Type Revival for Period Film & TV
with Leah Spencer
Leah Spencer reveals her process of replicating period-appropriate typography for productions like “The Marvelous Mrs. Maisel.”
During the creation of movies and TV shows, every book cover, receipt, storefront sign, newspaper, or hotel room number that you see was custom-made by a graphic designer. The aim of this work is to create design that unceremoniously melds with its setting, and to achieve this for period productions, type must be in both form and effect of the age.
As technologically-equipped graphic designers, we experience some restrictions when we try to turn back the clock: hand-lettering that was never a typeface, type that was never digitized, and type that was digitized but that looks too clean. Add in the logistical and legal aspects of film and TV production and things can get pretty constrained. But there is a solution: type revival.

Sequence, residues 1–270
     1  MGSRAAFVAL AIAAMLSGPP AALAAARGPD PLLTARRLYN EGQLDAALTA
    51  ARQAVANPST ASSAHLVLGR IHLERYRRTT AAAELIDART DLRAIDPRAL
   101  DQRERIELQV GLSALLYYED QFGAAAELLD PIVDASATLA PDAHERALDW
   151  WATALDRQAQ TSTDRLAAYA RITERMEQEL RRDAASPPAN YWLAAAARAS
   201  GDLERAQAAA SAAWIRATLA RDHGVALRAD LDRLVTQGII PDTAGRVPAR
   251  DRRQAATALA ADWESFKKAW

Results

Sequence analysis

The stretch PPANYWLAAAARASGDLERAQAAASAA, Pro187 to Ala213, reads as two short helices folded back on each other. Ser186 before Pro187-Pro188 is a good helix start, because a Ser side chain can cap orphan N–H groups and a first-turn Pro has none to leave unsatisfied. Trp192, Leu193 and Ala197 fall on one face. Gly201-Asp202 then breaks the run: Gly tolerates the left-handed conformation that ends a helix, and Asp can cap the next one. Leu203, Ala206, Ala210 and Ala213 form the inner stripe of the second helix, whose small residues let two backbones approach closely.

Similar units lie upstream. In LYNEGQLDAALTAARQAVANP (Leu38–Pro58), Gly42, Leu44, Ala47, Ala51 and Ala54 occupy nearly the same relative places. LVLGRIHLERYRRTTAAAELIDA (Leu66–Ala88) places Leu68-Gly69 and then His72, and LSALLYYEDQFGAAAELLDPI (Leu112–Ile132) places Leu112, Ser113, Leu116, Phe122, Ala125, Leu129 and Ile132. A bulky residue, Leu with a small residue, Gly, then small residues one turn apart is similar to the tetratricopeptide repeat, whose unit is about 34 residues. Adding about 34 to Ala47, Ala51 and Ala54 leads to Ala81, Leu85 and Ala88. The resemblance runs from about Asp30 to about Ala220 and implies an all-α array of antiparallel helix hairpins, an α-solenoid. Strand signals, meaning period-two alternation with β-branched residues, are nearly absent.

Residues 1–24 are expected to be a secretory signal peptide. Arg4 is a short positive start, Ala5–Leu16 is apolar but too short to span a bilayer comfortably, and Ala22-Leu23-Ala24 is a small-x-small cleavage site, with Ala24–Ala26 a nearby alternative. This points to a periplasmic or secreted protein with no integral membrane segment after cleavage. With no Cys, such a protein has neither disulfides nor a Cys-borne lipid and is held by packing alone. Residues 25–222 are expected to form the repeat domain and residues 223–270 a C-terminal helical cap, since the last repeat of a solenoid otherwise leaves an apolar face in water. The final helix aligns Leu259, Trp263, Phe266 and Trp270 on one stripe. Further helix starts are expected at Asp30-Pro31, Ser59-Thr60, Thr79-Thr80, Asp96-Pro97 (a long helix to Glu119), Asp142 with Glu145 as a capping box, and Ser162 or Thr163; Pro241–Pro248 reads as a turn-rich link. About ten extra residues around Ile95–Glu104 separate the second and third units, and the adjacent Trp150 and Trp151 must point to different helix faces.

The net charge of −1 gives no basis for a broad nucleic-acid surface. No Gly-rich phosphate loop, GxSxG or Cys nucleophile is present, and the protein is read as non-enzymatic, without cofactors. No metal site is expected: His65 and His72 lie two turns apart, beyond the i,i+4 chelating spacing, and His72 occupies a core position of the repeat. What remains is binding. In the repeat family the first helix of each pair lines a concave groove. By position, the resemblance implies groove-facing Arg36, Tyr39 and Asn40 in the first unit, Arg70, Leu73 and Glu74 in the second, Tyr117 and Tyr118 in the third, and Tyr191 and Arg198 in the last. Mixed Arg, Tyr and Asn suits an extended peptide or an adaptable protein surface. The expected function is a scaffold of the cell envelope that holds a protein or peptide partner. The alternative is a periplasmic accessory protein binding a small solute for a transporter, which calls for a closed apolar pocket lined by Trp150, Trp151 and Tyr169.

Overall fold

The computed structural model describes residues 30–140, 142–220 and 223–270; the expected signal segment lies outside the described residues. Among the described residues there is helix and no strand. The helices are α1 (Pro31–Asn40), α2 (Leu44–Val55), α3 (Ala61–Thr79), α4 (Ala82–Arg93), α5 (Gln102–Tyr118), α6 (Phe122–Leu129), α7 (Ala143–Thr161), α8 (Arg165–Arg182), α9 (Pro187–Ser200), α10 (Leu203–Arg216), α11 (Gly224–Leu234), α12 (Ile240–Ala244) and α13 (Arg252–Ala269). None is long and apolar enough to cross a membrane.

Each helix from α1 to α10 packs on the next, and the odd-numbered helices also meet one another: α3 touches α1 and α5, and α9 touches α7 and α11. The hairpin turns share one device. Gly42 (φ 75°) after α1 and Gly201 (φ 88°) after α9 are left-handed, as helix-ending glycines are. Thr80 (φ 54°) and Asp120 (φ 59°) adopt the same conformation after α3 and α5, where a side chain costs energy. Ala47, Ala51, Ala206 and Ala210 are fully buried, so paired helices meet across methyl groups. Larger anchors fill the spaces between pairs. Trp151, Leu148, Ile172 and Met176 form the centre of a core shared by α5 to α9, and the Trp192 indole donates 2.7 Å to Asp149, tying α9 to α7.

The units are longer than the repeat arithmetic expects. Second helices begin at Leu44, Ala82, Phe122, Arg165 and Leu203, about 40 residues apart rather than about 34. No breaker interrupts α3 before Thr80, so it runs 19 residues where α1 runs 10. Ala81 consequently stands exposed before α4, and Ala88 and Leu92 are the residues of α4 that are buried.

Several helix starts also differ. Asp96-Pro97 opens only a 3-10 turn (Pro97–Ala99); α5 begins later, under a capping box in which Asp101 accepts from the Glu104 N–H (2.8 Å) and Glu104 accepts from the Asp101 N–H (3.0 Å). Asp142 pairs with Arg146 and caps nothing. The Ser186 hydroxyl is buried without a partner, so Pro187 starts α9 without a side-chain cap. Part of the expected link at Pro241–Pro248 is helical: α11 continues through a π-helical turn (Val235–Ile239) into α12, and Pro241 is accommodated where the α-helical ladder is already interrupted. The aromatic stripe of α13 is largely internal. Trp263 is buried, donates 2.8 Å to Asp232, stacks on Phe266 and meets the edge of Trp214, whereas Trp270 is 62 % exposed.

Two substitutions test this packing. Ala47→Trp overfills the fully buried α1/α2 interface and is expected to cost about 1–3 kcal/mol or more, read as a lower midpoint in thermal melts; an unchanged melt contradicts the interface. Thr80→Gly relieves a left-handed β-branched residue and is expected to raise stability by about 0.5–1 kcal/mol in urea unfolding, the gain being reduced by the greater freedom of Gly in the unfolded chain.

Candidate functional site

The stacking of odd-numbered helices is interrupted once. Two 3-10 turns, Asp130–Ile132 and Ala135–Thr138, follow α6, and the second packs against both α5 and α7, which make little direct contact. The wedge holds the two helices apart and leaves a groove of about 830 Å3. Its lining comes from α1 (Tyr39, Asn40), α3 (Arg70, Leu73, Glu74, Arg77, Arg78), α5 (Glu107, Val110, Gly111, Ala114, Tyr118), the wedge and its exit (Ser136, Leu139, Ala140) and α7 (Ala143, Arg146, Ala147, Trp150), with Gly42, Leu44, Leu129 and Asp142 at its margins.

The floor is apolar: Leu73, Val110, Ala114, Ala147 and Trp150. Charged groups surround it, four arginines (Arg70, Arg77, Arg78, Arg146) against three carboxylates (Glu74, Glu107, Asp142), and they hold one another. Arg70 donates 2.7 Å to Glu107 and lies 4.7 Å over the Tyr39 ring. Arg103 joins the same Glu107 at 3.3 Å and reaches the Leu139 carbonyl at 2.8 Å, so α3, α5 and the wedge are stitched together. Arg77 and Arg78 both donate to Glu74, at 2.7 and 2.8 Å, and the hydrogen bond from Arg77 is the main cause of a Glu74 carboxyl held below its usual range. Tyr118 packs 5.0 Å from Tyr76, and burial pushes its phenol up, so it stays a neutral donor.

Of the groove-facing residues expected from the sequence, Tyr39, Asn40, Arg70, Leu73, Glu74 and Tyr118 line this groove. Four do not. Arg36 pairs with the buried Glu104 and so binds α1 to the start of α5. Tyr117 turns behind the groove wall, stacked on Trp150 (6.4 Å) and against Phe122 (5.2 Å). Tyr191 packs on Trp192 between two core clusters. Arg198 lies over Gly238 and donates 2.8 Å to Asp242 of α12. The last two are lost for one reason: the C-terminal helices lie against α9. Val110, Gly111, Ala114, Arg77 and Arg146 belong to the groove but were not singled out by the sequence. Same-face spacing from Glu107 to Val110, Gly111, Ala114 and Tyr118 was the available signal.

Join Leah Spencer for a look into this unique intersection of traditional craft and contemporary tools. See her process as used in “The Marvelous Mrs. Maisel” to reproduce original mid-century type and lettering as digital fonts.
Letterform Lectures are a public aspect of the Type West postgraduate program. The series is co-presented by the San Francisco Public Library, where events are free and open to all.
Leah Spencer is a Graphic Designer for Film & TV, specializing in period productions and typography. She is a graduate of the University of Vermont and the Rhode Island School of Design. After spending five years in the corporate design world, she latched onto Graphic Design for Film & TV for its cornerstones in research, hand-crafting, variety, and intentional imperfection. Leah is based out of New York, where she has most notably worked on Amazon’s “The Marvelous Mrs. Maisel.”